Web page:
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Red Sox notebook

Simulated success has Beckett back on track

By Michael Vega and Peter Abraham
Globe Staff / March 5, 2011

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FORT MYERS, Fla. — Josh Beckett is ready to return to his normal schedule after throwing 40 pitches in a three-inning simulated game on the back field at City of Palms Park yesterday.

Facing minor leaguers, Beckett threw 14 pitches in the first inning, 17 in the second, and 9 in the third. He faced 12 batters in all, each starting with a 1-and-1 count, and finished with seven strikeouts.

“I felt good,’’ he said. “It’s a sim game. There’s just not a lot of adrenaline and stuff that goes into that. But I like it when the guys go up there and swing; [it] gives you a little bit of feedback one way or the other. It’s hard to get a lot of feedback if the guys don’t swing, just not a lot of things that correlate to a game unless you have a little bit of something going on.’’

Beckett suffered a mild concussion Monday when he was struck on the head by an errant ball while in the outfield during batting practice. That caused him to miss his start Wednesday.

Beckett is now scheduled to face the Astros in Tuesday’s split-squad game at City of Palms.

“Yeah, I think I’m right there,’’ he said. “I wouldn’t have thrown that many pitches. I probably would have thrown less than that, in fact, unless I would have ran into a long inning, and even then they wouldn’t have let me go over so many pitches in one inning.

“This time of year, it’s good to get a little bit tired. And I did get a little bit tired in between the second and third innings, going into those warm-ups. I could tell the difference.’’

Beckett is still feeling some effects from the concussion, which occurred when staff assistant Ino Guerrero accidentally struck him with a ball off a fungo bat.

“I’m pretty good. I’m really sore on my jaw and the left side of my head, but I’m pretty good,’’ Beckett said.

Beckett revealed that his return was slower than he first expected.

“I went to lunch about a day and a half later and I couldn’t do it,’’ he said. “I couldn’t be away from the house without lying down and that’s when I figured out something was wrong here, because I was resistant to thinking I even had a concussion.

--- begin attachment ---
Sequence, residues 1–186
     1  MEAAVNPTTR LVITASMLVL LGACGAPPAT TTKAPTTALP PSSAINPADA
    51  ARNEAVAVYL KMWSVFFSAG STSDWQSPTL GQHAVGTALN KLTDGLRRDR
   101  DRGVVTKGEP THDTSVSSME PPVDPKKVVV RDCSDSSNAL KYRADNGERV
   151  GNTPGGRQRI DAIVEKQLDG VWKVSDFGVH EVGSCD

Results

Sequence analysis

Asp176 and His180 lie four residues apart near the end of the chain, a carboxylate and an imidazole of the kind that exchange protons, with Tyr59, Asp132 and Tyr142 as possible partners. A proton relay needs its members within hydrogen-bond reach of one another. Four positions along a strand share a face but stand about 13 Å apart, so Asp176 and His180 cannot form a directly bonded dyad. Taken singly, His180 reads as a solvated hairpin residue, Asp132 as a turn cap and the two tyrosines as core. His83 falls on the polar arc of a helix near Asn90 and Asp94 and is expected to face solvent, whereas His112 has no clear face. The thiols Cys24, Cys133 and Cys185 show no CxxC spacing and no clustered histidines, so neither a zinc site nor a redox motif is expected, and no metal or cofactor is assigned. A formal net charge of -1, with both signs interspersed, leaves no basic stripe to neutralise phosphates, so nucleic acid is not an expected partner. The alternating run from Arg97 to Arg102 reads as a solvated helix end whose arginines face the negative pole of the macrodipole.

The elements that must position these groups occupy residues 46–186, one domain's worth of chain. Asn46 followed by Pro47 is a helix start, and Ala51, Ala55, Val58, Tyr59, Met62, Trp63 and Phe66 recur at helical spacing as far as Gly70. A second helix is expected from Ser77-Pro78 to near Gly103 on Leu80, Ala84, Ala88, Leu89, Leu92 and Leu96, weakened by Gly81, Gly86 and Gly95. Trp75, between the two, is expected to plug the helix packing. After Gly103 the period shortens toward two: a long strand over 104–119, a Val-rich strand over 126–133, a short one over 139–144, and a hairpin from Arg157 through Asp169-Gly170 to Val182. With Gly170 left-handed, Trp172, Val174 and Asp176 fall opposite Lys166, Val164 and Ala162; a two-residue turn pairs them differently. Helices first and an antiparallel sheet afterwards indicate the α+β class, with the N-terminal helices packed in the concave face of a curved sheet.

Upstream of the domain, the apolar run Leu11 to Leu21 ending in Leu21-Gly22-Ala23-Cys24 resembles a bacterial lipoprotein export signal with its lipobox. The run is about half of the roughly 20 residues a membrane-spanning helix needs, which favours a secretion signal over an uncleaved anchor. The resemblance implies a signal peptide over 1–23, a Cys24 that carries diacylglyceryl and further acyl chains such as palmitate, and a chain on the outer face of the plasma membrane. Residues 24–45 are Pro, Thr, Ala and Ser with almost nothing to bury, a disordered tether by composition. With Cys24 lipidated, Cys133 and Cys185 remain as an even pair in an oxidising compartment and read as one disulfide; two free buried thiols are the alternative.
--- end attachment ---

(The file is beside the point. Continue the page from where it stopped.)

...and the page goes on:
“I tried to come back the next day and said, ‘Oh, I’m ready to get back to work.’ But that day when I went to lunch, I had a little bit of a setback.’’

Beckett wasn’t cleared to begin normal activity until Thursday after passing a series of neurological tests. He has not yet returned to lifting weights.

Increased workload Adrian Gonzalez took 80 swings, five more than expected. It was another positive step in his rehab from offseason shoulder surgery.

The final 10 swings were against a pitching machine, the first time he has tried that post-surgery.

“I wouldn’t say I’m easing into it, but it’s part of the game plan, I guess you could say,’’ the first baseman said. “I know I’ve got plenty of time and I’m going to get into plenty of games once I get into it.’’

Gonzalez was encouraged by the fact he was able to extend his session to 80 swings.

“At any point when I feel anything, I’m going to stop,’’ he said. “But the fact I didn’t feel anything and Mike [Reinold, the trainer] was OK with me taking five more [swings] was a good sign.’’

Manager Terry Francona would not predict when Gonzalez will take batting practice on the field.

“It will all go on how he feels,’’ Francona said.

Word of warning Righthander Alfredo Aceves has been one of the surprises in camp, impressing Francona with his performance and apparent good health.

But Yankees general manager Brian Cashman issued a word of warning, saying Aceves was a risk because of a bad back.

“I offered him a minor league contract, that was it. I wasn’t going to do anything more than that,’’ Cashman said.

Aceves was 14-1 with a 3.21 earned run average in three seasons with the Yankees. But he was limited to 12 innings last season by a herniated disk.

“He was throwing off the mound for us and he always hit a wall. So we ultimately continued to fail throughout the entire process to get him off the DL and active,’’ Cashman said. “He had a lot of success for a period of time, but then ultimately we’d had to take steps back and we’d have to shut him down and redo the treatment.’’

Family time The Red Sox had reliever Tony Pena Jr. on the trip to Tampa to play the Yankees last night. His father, Tony Pena, is the Yankees’ bench coach and a former Red Sox catcher . . . Actor Richard Gere threw out the ceremonial first pitch . . . The Red Sox arranged to have the DH in place for all their spring training road games against National League teams . . . Jed Lowrie, who will be a utility infielder, started at first base to get some experience there.

Peter Abraham contributed from Tampa; Michael Vega can be reached at vega@globe.com.

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